Every doctor has goals. What are yours? Here are examples of what we heard from doctors using Pre-PG:
Crack the PG medical tests like NEET PG or AIIMS PG
Master a field of medicine that I am passionate about
Become a successful, respected doctor
Serve my patients and save lives
Take on an easy specialty and chill
Make shiploads of money (don’t judge!)
You must have similar goals too. What’s stopping you from achieving these goals? It is tempting to believe that you can’t reach your goal because you don’t have the knowledge or the talent. That is a mistake. You want to think you can’t achieve your goal because of a knowledge gap since it is relatively straightforward to gain knowledge. Just watch endless video lessons and read books. On a similar vein, you want to believe you can’t make it since you don’t have the talent since it is easy to blame something that is beyond your control.
The fact is that knowledge and talent do not drive results as much. Practice does. Not the mindless I-will-work-harder practice, but a particular kind called deliberate practice.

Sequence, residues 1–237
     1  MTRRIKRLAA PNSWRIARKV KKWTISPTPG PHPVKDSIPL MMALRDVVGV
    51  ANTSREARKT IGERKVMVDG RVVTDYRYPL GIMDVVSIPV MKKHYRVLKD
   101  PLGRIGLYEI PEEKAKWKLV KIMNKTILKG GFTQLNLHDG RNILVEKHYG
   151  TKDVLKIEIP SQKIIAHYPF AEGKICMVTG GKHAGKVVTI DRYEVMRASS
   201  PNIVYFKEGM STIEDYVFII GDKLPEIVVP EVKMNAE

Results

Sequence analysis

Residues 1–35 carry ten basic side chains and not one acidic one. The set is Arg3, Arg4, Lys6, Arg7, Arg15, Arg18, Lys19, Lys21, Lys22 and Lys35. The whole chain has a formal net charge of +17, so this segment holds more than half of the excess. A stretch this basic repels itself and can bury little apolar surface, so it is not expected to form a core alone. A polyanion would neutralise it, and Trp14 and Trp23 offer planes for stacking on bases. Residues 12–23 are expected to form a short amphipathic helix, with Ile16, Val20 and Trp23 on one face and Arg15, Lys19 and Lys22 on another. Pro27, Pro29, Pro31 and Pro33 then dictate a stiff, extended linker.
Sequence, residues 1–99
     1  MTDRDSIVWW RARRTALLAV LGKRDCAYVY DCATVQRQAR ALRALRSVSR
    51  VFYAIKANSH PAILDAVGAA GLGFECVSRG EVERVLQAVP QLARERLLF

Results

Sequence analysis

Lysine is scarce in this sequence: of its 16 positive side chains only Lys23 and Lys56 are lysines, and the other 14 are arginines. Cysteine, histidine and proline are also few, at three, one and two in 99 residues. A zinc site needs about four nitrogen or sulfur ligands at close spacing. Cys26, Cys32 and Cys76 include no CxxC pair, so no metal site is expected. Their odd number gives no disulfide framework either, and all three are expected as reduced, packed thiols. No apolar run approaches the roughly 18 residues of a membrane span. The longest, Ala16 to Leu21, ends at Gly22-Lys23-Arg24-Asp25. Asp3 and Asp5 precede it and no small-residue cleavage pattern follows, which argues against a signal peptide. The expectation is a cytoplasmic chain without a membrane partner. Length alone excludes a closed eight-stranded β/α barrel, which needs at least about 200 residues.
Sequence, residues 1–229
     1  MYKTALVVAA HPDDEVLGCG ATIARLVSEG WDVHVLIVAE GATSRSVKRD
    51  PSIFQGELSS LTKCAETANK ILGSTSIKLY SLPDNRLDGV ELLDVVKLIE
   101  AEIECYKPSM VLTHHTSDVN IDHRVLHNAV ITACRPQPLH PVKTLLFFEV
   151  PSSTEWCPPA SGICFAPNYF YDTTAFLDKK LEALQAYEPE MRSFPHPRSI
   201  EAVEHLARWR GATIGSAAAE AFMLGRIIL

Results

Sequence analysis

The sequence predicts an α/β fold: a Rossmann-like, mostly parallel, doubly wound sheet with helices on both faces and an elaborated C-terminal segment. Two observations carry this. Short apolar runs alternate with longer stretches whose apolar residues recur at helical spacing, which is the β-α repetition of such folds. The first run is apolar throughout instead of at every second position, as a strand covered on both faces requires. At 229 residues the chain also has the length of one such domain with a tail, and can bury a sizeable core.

My favorite example is that many of us possess in-depth knowledge of cricket, but only a few become great cricketers. These few push themselves regularly to practice with a purpose and get feedback on how to improve.
Deliberate practice has these three essential elements:
- Practice hard, and push yourself out of your comfort zone when you practice
- Monitor and get insights on your practice — how well did you do and how can you improve, and how are you tracking against your goals
- Make changes to improve
Here’s how Anders Ericsson, the leading researcher in the field describes it:
“Get outside your comfort zone but do it in a focused way, with clear goals, a plan for reaching those goals, and a way to monitor your progress. Oh, and figure out a way to maintain your motivation.”